November 26th, 2015 12:25 PM by Nour Ailan
A buying binge
led by Miami Beach-based developer Michael Simkins is generating
seven-figure deals along a four block stretch of Overtown, Miami’s
historically African-American neighborhood.
“Prices have increased
dramatically,” Simkins told The Real Deal of the area, which is one of
the city’s poorest communities. “When we started purchasing land, it was
in the $20 a square foot range. It is now approaching $150 a square
Overtown runs from Northwest Fifth Street to 20th Street
and is bounded on the west by the Miami River and State Road 836 and on
the east by the Florida East Coast Railway tracks on Northwest First
Avenue. In addition to Simkins, a handful of other buyers have proven to
be increasingly bullish on apartment buildings and vacant parcels
between Northwest Eighth and 12th streets and Northwest First and Third
The properties that have been snapped up are in close
proximity to three grand-scale, mixed-use developments: All Aboard
Florida’s MiamiCentral, Miami Worldcenter, and Simkin’s proposed Miami
Innovation Tower, the signature piece to a technology district he wants
to develop in Park West, the neighborhood directly abutting Overtown.
area we are focused on was the main commercial corridor for historic
Overtown,” Simkins said. “The Overtown of the 1940s was a thriving
place. The neighborhood has soul and character.”
During the Jim
Crow era, the neighborhood was known as “Colored Town” and was a
bustling business and entertainment center for Miami’s black community.
It’s where entertainers like Count Basie, Cab Calloway and Josephine
Baker stayed when they performed in Miami. However, the construction of
I-95 through portions of Overtown decimated the neighborhood’s
prosperity. Riots in the 1980s further eroded Overtown.
Today, the annual median household income for Overtown residents is $17,450, according to recent U.S. Census data.
investors like Simkins have recently paid top dollar for Overtown
properties. In mid-October, he closed an all-cash $2 million deal there
for two apartment buildings with a combined 28 units and three
commercial units. Simkins paid $116 per square foot for the
16,300-square-foot assemblage .
“These buildings will be renovated
with our own dollars and continue as rentals,” Simkins said. “The
people living there will hopefully continue living there, as well as
other Overtown residents.”
He said market-rate rent in Overtown
for a one-bedroom unit is $700, compared to $1,963 in Miami, and a
two-bedroom unit is $850, compared to $2,911 in Miami, according to
That deal marks the third seven-figure Overtown
property transaction involving Simkins in the past 10 months. In
February, Simkins paid $94 a square foot for three vacant lots totaling
13,750 square feet . In June, he bought two vacant parcels totalling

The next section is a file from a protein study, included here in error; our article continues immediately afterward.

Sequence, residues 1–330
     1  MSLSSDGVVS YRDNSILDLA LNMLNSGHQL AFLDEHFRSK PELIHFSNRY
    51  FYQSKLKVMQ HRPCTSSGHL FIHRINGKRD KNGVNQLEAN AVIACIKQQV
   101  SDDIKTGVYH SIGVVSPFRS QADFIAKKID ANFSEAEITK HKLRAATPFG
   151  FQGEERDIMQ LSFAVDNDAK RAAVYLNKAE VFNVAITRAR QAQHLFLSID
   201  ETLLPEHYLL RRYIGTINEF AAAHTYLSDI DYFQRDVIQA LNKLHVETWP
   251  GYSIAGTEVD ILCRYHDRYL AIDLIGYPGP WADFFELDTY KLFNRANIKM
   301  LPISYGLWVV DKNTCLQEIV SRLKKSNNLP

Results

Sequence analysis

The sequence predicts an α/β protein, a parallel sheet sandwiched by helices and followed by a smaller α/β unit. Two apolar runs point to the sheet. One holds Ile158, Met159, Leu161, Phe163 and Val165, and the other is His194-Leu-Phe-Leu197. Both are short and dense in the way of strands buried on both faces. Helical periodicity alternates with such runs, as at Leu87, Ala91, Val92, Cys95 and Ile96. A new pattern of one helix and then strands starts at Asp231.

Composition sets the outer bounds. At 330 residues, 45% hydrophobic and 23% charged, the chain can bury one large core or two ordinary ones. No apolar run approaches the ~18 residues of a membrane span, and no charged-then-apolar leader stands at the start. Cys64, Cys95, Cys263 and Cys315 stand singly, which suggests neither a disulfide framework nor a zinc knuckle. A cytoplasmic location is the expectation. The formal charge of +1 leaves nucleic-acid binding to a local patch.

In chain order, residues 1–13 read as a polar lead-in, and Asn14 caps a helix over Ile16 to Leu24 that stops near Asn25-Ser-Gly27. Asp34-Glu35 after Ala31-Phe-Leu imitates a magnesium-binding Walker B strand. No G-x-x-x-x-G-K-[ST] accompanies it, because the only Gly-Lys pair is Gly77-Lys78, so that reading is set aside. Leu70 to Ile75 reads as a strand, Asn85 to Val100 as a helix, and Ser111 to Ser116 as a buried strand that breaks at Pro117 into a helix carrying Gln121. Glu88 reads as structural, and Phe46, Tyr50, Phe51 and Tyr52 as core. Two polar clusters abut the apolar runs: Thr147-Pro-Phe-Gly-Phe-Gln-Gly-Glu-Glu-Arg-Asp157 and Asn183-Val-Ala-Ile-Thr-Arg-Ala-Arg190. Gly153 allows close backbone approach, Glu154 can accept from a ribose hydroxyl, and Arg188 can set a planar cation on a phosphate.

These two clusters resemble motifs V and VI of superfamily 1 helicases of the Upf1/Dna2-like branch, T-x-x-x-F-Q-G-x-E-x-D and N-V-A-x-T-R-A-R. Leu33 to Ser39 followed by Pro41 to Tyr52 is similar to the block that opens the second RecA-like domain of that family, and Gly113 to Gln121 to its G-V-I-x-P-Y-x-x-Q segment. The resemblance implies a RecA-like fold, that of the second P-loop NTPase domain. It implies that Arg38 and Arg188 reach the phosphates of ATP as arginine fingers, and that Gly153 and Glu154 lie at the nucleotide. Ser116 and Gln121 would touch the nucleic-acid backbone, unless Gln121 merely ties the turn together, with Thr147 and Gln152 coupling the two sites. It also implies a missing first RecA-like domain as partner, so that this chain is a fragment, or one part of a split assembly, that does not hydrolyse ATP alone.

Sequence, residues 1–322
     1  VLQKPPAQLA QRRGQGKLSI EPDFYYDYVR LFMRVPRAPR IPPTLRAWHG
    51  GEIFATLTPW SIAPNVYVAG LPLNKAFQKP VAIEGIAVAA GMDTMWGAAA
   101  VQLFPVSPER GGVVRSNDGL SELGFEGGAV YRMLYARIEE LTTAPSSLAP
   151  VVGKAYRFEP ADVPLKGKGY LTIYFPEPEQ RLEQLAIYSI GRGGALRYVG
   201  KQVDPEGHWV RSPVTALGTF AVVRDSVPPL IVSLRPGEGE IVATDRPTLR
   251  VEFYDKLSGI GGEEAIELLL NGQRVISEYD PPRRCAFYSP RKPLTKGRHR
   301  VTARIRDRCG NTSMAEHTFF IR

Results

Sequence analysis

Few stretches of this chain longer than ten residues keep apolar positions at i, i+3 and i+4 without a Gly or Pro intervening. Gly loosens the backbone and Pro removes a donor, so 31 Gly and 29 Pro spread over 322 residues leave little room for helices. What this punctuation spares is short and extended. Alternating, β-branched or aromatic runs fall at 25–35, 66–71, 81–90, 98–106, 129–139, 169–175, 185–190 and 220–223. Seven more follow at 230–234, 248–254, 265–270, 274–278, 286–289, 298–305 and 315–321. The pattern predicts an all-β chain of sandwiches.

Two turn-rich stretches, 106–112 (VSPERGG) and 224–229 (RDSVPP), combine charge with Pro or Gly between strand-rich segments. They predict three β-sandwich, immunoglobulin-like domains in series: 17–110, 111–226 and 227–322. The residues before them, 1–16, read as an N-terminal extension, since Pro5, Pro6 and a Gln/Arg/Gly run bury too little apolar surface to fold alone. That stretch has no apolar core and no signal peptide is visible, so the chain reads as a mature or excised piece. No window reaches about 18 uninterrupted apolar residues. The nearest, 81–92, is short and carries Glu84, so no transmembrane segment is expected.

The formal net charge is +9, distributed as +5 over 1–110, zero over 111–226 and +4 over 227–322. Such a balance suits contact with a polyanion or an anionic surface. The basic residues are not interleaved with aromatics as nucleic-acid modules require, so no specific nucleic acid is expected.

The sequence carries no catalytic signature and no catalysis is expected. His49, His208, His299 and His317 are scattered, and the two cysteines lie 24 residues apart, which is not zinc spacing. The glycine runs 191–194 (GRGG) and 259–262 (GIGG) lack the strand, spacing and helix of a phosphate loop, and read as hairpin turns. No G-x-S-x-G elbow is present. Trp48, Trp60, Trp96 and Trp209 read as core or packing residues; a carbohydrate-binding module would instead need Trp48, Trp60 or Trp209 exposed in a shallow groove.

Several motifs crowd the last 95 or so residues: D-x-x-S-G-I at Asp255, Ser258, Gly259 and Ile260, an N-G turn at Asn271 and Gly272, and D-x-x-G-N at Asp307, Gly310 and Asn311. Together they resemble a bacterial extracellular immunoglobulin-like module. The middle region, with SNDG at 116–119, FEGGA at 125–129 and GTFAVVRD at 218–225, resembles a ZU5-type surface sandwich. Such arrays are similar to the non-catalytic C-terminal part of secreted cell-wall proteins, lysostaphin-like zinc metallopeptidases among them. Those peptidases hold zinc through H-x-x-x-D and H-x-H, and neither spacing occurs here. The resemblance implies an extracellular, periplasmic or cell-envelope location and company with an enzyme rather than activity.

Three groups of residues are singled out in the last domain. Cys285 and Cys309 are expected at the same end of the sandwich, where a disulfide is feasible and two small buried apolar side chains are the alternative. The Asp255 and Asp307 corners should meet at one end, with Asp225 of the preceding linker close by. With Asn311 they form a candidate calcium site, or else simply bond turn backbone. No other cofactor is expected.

15,000 square feet on Northwest 11th Street and Northwest Second Avenue
for $92 a square foot.
Simkins is not alone. In January, Bahia
Apartments LLC, a company registered to Horacio Segal and Marcela Segal,
a North Miami-based real estate broker, paid $3.5 million for three
apartment buildings with a combined 26,887 square feet. That’s $130 a
square foot. According to Miami-Dade records, Bahia obtained a $2.4
million loan from Ocean Bank that it used toward the purchase.
July, an entity called Beacon 87 Member Inc. purchased a 75-unit
apartment building for $3.68 million — about $107 a square foot.
According to state incorporation records, Beacon’s manager is Joanne
Rosen, a partner in New York City-based real estate investment and
development firm, Beacon Advisors, LLC. The seller DJ Acquisitions 1136
paid $2.6 million for the property in May 2014.
recent prices are a far cry from what Simkins paid only a year ago. The
developer purchased a 24-unit apartment complex at 1160 Northwest Second
Avenue for $330,000 in November 2014. Today, the property has a market
value of $1.6 million, according to the Miami-Dade County Property
Appraiser’s website. He also paid $555,000 for a two-floor retail
building at 937 Northwest Third Avenue in October 2014.
year, Simkins purchased another 22 lots between Northwest Ninth and
Tenth streets and Northwest Second Avenue and Second Court for a
combined $14.1 million. Aside from the city of Miami Park West/Overtown
Community Redevelopment Agency, he believes he has the largest portfolio
“It’s an unprecedented level of investment,” he
said. “We are committed to really reviving and redeveloping Overtown
into what it has always been.”
But Overtown still
faces challenges, according to Emile Farah, chief executive of the Farah
Group of Companies. Farah assisted in brokering Simkin’s most recent
deal. “Whoever wanted to buy it had to come with cash,” Farah said.
“It’s difficult to get financing for Overtown properties.”
will only lend money based on the rental income a building produces and
not on the property’s appraisal price, he said. “In that area, rents are
averaging $600 and are starting to go up to $700 a month,” Farah said.
“The income approach doesn’t justify making a deal for most buyers.”
the area remains a tough sell, despite All Aboard Florida and other
major projects. But we was optimistic about the impact of Simkins’
acquisitions. The developer “has a vision for the future of the
neighborhood,” he said.